Effective CRM Solutions through Data Science

By CIOReview | Monday, June 8, 2015
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FREMONT, CA: A recent research by the IDC predicts that by 2020, there will be nearly as many digital bits as there are stars in the universe, and the data created and copied will reach upto 44 zettabytes (44 trillion gigabytes).

With the growth of technology, information output has become massive. Uncountable devices, systems, and more are being interconnected each passing minute across the globe leading to the generation of enormous amount of valuable data. All this has made, Big Data the most sought after concept of the twenty first century.

One of the primary ways to capitalize on this opportunity is the new generation of tools that can sort and organize the knowledge into a pertinent and applicable vision. For the companies deploying CRM solutions, the potential is greater. Smarter devices and more strategic analyses are making customer relationships stronger and more efficient. 

Due to innovative technologies, harnessing huge volumes of data is not a problem anymore. Big Data then, can be leveraged to make judicious CRM solution. Processing Big Data on the cloud puts the power of advanced analytics within reach of those who cannot afford to install expensive hardware and software.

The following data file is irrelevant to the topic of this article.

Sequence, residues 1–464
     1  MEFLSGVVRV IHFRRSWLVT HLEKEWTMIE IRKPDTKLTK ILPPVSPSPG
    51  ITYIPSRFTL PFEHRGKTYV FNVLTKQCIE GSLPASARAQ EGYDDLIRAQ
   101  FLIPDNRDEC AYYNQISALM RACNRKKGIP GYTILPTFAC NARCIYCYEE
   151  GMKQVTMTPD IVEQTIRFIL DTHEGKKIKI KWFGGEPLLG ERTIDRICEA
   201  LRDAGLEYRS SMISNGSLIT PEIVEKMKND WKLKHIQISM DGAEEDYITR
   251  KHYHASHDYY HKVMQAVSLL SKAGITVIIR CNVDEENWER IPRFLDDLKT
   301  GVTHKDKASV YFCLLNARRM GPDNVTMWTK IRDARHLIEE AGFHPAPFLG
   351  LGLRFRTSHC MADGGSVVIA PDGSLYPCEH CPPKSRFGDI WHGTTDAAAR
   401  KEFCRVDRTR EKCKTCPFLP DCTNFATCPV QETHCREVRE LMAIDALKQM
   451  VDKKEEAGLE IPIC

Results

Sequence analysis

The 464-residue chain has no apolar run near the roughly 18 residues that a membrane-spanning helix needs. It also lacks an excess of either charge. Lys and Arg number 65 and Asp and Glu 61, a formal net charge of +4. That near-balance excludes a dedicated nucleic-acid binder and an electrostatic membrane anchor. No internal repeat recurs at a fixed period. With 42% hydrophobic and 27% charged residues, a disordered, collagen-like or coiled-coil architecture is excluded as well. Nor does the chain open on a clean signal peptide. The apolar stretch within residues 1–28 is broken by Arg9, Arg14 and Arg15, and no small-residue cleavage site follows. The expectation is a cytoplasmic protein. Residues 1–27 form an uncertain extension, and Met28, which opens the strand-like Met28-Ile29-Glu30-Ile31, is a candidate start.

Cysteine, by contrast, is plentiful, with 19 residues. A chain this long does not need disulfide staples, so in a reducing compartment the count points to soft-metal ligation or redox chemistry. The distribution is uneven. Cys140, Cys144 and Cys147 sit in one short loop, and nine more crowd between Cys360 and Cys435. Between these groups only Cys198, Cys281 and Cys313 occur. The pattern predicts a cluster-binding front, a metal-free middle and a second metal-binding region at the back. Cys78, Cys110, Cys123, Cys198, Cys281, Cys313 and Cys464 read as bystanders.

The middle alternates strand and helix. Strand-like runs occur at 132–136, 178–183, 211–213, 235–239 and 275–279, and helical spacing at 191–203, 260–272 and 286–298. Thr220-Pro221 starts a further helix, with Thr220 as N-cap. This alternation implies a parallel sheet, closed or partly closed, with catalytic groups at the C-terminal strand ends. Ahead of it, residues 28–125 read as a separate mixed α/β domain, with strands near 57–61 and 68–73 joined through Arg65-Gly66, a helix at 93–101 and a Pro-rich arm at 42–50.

Tokara Solutions, a CRM certified consultant believes that the key to successfully solving the data science equation is seamlessly integrating such intelligence into existing systems, an approach seen in Salesforce’s recent addition of data science capabilities to its Service Cloud and Marketing Cloud. The Service Cloud tries to automate select customer service tasks by assigning requests to agents based on skill set, case history, and other factors, while Marketing Cloud is designed to drive more direct predictive intelligence and marketing outreach efforts.

By leveraging customer data across the enterprise, these tools can help turn the Big Data into a goldmine of opportunity for engagement, one zettabyte at a time.

The IDC also predicts that by 2020, 37 percent of tagged and analyzed data will be useful, compared to only 22 percent in 2013.